PHOTOGRAPHY BY MONDO LULU AND GEORGETTE PETERS
A little old lady stopped one of the participants of the Mad Bastard Scooter Rally in the hallway of the host hotel and wagged a finger at his rally T-shirt. “I don’t like your name!” she said, and walked off in a huff. She has a point. “The Mad Bastard” is about as politically incorrect a name as you could think of, but now it’s all moot. Last weekend’s rally was the final run for the madcap event.
It will be sort-of replaced next year by “The Back Alley Scooter Rally,” organized by Rally Connex, which fielded a Mad Bastard team this year and loves doing dumb things with scooters. The Back Alley rally will be a GPS-based run through 70 or 80 kilometres of Toronto back alleys, much better suited for scooters than the 600-800 km of country roads on the Mad Bastard.
I wrote about the Mad Bastard in January, when its organizers announced this would be the final year for the scavenger hunt event. It’s a pint-sized version of the Iron Butt Rally that’s running right now, scaled down in every way with smaller machines and shorter distances, but no less heart required for its completion.
This year’s event ran in a giant loop through eastern Ontario, up from Peterborough to Barry’s Bay and back. Riders had limited times to complete the loop, depending on the size of their scooters, with the maximum being 24 hours allowed for the 50 cc machines. Almost half of the 58 scooters entered were in the 50 cc “Straightjacket” class, with top speeds of an optimistic 50 km/h.
“I never wanted to be riding anything else,” said Raph Kroll, who loaded his 50 cc Kymco Super 9 scooter onto his pickup truck at home in Revelstoke, BC, and drove 3,600 km east to ride the rally. He left his Harley-Davidson Street Glide and Ducati S2R 1000 Monster in the garage. “I’m not a scooter guy, but I am this weekend. Riding the Mad Bastard is about not being comfortable, and not being fast.” He rode as one of the Trailer Park Boys team, dressed as his doppelganger Ricky.
There were some breakdowns and flat tires, and at least one pair of riders left a broken-down scooter to be collected by the sweep truck, to continue two-up for more than half the distance on the remaining, running 49 cc machine. Robert Leccesse and Rachel Gies won the 2Up 2Crazy award for that endeavour.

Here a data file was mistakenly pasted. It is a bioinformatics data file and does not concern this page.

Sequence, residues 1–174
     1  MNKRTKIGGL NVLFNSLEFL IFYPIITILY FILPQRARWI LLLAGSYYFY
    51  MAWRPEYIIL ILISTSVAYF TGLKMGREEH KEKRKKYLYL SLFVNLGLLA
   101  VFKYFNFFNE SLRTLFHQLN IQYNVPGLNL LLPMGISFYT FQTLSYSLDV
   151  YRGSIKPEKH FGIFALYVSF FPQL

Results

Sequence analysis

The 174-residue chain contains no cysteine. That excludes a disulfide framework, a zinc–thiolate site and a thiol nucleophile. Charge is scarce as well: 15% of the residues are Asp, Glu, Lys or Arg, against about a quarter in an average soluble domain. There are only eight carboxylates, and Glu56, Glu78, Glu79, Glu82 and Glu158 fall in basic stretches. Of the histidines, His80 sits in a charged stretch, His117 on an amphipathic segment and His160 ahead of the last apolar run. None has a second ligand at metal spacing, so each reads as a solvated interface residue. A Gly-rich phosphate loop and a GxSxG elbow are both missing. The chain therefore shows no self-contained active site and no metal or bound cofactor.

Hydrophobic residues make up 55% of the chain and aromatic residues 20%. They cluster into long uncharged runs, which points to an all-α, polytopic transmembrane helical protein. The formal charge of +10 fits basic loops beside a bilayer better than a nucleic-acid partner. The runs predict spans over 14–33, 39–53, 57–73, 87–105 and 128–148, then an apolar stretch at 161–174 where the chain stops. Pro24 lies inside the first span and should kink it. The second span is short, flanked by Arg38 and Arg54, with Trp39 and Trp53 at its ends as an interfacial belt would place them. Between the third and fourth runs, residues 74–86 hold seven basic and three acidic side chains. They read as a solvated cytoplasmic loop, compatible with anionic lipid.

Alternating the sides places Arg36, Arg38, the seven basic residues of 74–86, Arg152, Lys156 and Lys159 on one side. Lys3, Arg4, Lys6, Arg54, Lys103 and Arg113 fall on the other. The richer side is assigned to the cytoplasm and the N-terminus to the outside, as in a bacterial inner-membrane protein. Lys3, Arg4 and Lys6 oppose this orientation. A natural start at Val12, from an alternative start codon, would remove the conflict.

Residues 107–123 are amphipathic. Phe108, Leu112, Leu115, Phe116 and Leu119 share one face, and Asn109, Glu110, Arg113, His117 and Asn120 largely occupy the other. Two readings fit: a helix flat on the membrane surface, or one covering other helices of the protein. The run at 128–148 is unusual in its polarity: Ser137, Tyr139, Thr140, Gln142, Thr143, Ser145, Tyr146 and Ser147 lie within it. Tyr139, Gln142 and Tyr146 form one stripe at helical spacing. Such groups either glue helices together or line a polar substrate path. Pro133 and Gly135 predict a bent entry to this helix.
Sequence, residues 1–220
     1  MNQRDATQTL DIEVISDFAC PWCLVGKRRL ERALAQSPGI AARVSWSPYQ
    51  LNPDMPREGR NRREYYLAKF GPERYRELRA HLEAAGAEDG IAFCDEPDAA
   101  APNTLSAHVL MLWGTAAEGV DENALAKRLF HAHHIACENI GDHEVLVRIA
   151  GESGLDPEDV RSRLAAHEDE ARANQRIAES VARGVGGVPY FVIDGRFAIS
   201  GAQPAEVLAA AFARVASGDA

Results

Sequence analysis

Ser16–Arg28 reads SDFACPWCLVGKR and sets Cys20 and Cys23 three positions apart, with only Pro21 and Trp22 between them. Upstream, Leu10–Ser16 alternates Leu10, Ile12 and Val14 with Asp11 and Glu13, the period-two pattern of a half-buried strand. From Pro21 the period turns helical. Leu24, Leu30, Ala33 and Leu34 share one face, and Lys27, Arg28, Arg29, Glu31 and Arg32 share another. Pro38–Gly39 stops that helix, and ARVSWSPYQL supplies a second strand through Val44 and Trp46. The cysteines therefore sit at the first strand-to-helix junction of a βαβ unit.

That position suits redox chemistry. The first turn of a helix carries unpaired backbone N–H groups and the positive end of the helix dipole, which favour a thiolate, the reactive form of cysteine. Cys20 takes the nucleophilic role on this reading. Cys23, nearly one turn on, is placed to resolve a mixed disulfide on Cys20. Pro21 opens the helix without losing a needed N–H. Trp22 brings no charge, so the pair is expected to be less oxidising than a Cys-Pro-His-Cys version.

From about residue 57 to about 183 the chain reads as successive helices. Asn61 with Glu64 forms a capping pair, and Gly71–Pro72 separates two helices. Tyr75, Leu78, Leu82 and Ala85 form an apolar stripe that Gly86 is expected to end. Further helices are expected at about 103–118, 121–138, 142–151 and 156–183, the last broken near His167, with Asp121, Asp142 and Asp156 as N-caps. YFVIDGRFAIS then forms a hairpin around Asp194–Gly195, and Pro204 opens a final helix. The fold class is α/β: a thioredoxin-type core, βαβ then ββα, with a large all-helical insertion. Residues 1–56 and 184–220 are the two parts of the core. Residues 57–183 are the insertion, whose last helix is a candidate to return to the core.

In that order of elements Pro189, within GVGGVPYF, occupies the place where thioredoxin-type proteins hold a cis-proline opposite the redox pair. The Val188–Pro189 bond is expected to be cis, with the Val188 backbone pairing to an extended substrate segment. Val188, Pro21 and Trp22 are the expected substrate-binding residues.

The overall winner this year was George Reichert, who won a Kymco scooter and somehow completed the course on a 50 cc scooter with his Checkered Drags team in less than 19 hours.
There were several awards for such achievements that included the “Spirit of Rob Harris” award, presented to the person who most embodied the nature of the whole madcap event – its spirit is hard to define, but essential to strive for. It was presented this year to husband and wife team Jamie Leonard and Cindy Wilson, who truly embraced what CMG’s founding editor Rob Harris was looking for when he created the rally in 2004. Like life, it’s not supposed to make sense, but it’s supposed to be fun.
And now it’s over. Rob sold the rally in 2015 to BECO Motors, which imported Kymco scooters. He wanted to free up his time to organize adventure riding rallies, though he died the following year. BECO stopped importing Kymcos in 2018, but still sells the Taiwanese scooters through its Toronto store, Studio Cycle.
“The rally was a very nice fit for promoting scooter culture, and it fit well into our marketing budget and our objectives,” said Sabina Heilman, the rally master. “After our relationship ended with Kymco, unfortunately the time commitment and the budget for running this event was just not there.”
Editor ’Arris wouldn’t have minded. In truth, he was always astonished that the biennial rally lasted as long as it did. He’d have liked to make money from the event, but it was more important for him that it raised funds for a worthwhile charity and that people enjoyed themselves. This year’s rally raised more than $12,500 for Big Brothers Big Sisters, and everyone had a good time. It helped that the weather was near perfect, but not a single participant on Sunday morning had a complaint.
And ultimately, political correctness and little old ladies be damned, isn’t that what it’s all about?